Currently about 3 million light duty vehicles in Alberta, but less than 1,000 EVs
Electric vehicles are set to take over the world, folks. Not in the immediate future, but soon enough that city governments are beginning to think about how to accommodate the regulatory, traffic, and business changes EVs will cause. Some of those changes are likely to begin within the next decade, according to a recent study by the City of Calgary.
In 2016, City Council directed the administration – after a notice of motion by councillors Peter Demong and Evan Wolley – to prepare a study about how new technology will affect the future of transportation in Calgary.
Andrew Sedor is the senior executive advisor to the transportation manager’s office. He says the City gathered information, then consulted with the private sector through a external stakeholder review.
The report identified three major transportation trends: autonomous driving, electrification of vehicles, and “shared mobility” (people using transportation services to commute rather than owning a car).
“The technologies will impact the city in different ways. There’s a lot of uncertainty about how the technology’s going to be rolled out and how consumers will react to it,” Sedor said in an interview.
One of the most contentious issues will be how the City regulates mobility as a service. Will existing taxi companies invest in autonomous vehicles or will new service providers (e.g. ride-sharing services Uber and Lyft, automakers that add transportation services to manufacturing, or tech companies like Google, which has been testing self-driving cars for several years) enter the market?
“The province is initially responsible for legislation, but usually hands it down to the municipality. A big theme of the report is looking at who’s responsible for what with all the technologies,” he said.
“If someone brings autonomous car sharing to Calgary, we’re going to have to figure out how to license them and the pros and cons of each model.”
One issue that will be pressing for City Council will be an alternative to the fuel tax, which currently funds 42 per cent of transportation capital expenditures. Sedor says that some form of a road toll or usage fee will be required.
“The fuel tax is almost a consumption tax – the more you use the road, the more you pay, and so the idea of road tolling would be something similar. You pay for how much you use,” he said.
“But you don’t want to double tax people. You don’t want to have them pay fuel tax and then on top of that pay the usage fee.”
What about parking, long a contentious issue in downtown Calgary, which has some of the highest rates in North America?
“You could technically go into the downtown, have your car drop you off and then go somewhere else. This impacts revenue, but there’s a lot of logistical issues associated with it too,” he said.
“For instance, if you have rush hour happen and everyone’s autonomous vehicle is waiting outside for them and they’re five minutes late, then you have the same issue that you have with a lot of elementary schools where parents are waiting for pickup and they have endless lines.”
The City is working with the University of Calgary to simulate how autonomous vehicle pickup and drop off would work in the downtown, but the transportation really won’t understand the issue until AEVs are purchased by early adopters.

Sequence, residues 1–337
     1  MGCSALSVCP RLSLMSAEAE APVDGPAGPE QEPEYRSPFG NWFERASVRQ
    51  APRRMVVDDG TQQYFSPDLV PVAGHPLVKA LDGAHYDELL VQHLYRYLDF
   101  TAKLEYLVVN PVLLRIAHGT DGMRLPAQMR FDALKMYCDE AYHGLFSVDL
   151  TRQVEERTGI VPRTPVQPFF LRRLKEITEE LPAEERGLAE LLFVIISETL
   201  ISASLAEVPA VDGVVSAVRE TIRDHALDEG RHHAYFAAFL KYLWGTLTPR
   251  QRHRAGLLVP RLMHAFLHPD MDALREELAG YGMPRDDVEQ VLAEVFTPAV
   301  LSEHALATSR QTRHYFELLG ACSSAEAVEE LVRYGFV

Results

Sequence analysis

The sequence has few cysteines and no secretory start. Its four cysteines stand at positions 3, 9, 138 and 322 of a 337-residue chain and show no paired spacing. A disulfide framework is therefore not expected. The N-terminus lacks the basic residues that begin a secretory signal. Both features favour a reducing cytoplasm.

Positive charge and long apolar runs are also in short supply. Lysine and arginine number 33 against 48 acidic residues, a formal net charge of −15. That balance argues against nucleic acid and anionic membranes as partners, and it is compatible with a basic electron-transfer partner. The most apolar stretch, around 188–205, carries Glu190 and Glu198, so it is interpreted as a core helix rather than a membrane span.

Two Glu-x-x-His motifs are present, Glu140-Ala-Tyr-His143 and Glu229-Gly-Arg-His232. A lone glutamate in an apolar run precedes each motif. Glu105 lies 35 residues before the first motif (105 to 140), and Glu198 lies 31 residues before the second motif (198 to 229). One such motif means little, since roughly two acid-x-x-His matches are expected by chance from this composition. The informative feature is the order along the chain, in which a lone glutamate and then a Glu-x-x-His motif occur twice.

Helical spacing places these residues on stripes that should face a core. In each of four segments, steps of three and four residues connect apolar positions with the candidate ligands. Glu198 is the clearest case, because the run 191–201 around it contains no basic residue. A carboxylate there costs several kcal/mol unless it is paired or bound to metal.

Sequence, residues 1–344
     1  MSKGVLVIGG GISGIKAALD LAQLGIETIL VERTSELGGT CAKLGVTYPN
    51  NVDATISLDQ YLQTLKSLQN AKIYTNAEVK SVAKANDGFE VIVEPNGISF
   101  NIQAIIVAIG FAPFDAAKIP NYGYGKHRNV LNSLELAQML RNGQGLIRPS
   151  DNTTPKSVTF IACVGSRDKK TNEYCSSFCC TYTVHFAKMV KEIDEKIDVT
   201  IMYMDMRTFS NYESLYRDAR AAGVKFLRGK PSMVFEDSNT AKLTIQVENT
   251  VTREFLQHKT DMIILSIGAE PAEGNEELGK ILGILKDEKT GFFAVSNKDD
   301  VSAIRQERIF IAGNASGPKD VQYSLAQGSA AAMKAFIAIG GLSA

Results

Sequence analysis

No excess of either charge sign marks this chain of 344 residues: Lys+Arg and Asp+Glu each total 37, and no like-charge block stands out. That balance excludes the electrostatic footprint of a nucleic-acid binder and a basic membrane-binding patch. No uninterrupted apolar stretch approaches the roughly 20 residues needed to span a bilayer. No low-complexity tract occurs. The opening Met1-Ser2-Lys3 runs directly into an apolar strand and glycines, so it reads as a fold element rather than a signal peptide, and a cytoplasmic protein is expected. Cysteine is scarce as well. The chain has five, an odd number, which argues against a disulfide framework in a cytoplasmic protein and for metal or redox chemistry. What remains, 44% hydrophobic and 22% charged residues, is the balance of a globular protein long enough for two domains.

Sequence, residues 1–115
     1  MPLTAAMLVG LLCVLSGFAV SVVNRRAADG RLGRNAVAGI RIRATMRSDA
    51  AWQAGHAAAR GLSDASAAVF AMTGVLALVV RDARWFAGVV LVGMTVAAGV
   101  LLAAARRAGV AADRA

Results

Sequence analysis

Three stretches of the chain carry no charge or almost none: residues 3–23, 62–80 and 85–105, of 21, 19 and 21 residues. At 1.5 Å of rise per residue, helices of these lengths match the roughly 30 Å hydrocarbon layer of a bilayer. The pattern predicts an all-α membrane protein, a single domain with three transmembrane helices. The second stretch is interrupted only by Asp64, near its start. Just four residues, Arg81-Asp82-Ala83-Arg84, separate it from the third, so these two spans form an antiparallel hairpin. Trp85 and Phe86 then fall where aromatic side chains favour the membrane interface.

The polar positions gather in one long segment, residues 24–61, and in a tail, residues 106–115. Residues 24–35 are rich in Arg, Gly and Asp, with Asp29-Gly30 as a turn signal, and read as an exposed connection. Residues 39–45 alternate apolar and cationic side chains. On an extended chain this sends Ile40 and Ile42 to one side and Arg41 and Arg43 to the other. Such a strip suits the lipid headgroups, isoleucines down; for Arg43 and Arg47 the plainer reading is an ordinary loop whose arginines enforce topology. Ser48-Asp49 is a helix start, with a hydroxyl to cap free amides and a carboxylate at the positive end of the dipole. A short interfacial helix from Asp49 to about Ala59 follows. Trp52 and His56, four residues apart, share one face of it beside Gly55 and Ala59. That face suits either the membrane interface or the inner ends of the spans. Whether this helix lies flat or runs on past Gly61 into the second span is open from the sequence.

Optimists like Stanford economist Tony Seba think Level 5 fully autonomous driving technology will be available in 2020. Seba released a widely discussed study in May that estimated the cost per mile travelled would drop by a factor of 10 with the rise of “Transportation as a Service,” leading American consumers to abandon private car ownership by 2030.
Pessimists like EV analyst Kyle Landry of Navigant Research said in an interview that 2020 is very unlikely: “If it’s a level 4 or level 5. driving in any condition, any environment, any weather – that’s a moonshot…Our forecast shows that before 2030, we barely see a sliver of that optimistic scenario, of [fully autonomous] new vehicles rolling off the production lines.”
Whether AEVs arrive in 2020 or 2030, one thing they won’t require, according to Sedor, is additional infrastructure, such as RFID signs to help them navigate.
“Automakers say they are designing AEVs to function on existing roadways and do not want or require customized infrastructure. If they design vehicles that relied on infrastructure changes or specific actions by the public sector, their vehicles would never function,” he said.
To help understand the benefits AEVs offer as part of the Calgary public transportation system, the City is participating with a number of groups – including the University of Alberta, Alberta Transportation, and the City of Edmonton – in a pilot project to test low speed autonomous vehicles.
The two to four week Calgary component of the project will test a shuttle service between the Calgary Zoo LRT Station and tTELUS Spark Science Centre – a distance of one kilometre – some time in 2018. The shuttles would accommodate 10 riders and travel at 12 km/h.
While Calgary is preparing for the electric vehicle future, Sedor doesn’t expect the transition to occur in the immediate future or to be accomplished in a short timeframe. After all, there are currently less than 1,000 EVs registered in the province.
But the technology is changing rapidly and costs are steadily dropping, which makes it likely that EVs and AEVs will start to show up in large numbers over the next five to 10 years.
When they do, the City of Calgary plans to be ready.
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